Just how bad is the world's plastic problem?
It may be versatile, durable and endlessly useful, but the once revolutionary plastic is beginning to fill Earth's oceans, posing a threat to marine life great and small.
Plastic has thousands of uses, its versatility and virtual indestructability practically unmatched in the world of synthetic materials.
Since first developing plastic in 1907, we have melded and moulded the material to fulfil our needs and desires. From bags and milk bottles to agriculture and transportation, plastic is everywhere, useful and convenient.
But we could be yet to realise the true cost of the synthetic behemoth we have created.
Both land and sea are affected by plastic waste, mainly because it is so durable. It isn't just large pieces that pose a threat, however - microplastics are amassing in colossal quantities, sometimes in parts of the ocean that have never been seen by humans before.
Marine biologist and microplastics expert Dr Lucy Woodall, scientific associate at the Museum, sheds light on just how deep our plastic problem is.
The plastic planet
Plastic is everywhere, and the ocean is awash with it.
According to figures from 2015, from the surface all the way down to the deep sea, a gargantuan eight million tonnes of plastic has amassed.
Lucy says, 'These figures come from we know goes to landfill, and what is known to go through other pathways - for example it gets burnt and recycled. We then assume that the rest of it ends up in the ocean.'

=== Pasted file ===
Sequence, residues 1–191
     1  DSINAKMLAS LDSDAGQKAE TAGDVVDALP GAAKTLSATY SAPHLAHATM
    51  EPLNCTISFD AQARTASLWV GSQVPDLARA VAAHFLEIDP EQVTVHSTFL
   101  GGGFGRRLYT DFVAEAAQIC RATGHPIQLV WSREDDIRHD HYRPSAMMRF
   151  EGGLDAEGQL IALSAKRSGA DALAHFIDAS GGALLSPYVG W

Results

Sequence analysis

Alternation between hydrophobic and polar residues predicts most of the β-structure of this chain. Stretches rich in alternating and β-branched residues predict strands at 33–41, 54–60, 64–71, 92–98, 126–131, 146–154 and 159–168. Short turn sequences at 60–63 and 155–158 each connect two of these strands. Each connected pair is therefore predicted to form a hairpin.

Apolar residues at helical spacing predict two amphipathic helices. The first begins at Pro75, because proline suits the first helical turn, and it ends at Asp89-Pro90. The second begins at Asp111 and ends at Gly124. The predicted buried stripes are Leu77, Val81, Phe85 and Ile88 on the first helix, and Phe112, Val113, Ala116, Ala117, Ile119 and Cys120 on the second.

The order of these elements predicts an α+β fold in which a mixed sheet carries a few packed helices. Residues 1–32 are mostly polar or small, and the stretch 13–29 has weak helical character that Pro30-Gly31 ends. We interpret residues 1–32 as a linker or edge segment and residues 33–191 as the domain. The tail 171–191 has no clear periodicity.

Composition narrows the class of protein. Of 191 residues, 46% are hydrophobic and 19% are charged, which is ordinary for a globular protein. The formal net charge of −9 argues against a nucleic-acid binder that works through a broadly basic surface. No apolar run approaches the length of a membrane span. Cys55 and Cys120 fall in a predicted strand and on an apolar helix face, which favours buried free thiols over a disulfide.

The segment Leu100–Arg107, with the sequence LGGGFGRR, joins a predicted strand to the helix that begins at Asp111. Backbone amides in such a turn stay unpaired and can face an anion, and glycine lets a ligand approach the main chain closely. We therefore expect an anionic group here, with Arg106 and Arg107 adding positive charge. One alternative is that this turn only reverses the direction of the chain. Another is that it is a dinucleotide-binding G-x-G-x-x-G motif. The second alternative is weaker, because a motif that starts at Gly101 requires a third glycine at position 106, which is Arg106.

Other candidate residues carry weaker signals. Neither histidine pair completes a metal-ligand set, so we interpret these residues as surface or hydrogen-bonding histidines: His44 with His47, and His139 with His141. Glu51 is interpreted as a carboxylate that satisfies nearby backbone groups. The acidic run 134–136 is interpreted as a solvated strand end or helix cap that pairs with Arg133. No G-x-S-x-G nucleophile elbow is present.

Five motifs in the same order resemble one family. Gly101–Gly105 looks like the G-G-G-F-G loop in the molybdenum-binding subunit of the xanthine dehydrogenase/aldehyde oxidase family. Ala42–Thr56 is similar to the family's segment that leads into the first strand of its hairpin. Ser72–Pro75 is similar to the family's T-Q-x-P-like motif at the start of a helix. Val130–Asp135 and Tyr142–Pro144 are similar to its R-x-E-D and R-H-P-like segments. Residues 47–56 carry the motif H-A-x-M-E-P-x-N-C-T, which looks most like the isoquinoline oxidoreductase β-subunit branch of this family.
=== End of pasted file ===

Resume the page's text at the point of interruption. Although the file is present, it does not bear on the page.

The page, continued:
Scientists have been able to calculate the quantity of plastic in the ocean by extrapolating from the amount collected in nets during their studies of the surface.
'It's relatively easy to see what is on the surface, but we don't know exactly what is floating mid-water or on the seabed,' says Lucy.
'A lot of my research is looking at the seabed, but we don't have enough data to be able to estimate the figure there yet.'
A threat to marine life
Microplastics, one aspect of the world's plastic problem, are pieces of plastic less than five millimetres in length, according to a universally accepted description from the USA's National Oceanic and Atmospheric Administration.
'We have a maximum size, but there is no minimum limit - they can become small enough to be classed as nano, so when you can't see them anymore,' says Lucy.
From the largest pieces to the unseen, plastic is affecting life in the deep blue.
'You have the problems of ingestion and entanglement, but they can also be used for organisms to raft. Animals can use plastic as a conduit to get from one side of the ocean to the other.'
'This is potentially damaging if you get something non-native coming in and thriving. We know invasive species are bad terrestrially, like in Australia with rabbits. Less is known about this in the ocean, although it is just as damaging. One well-known example of this is lionfish in the Caribbean.'
Plastic also has the ability to carry pathogenic microbes across the ocean, potentially impacting life as it travels.
It can also act like a sponge, pulling in other chemicals.
Lucy explains, 'Some organic pollutants are hydrophobic, and sit on the surface of the water. They want to get into the plastic away from the water, so you end up with a lot of them concentrated in the plastic.
'If that plastic then gets ingested, what happens to those chemicals? Some are released in the organisms when they are ingested.'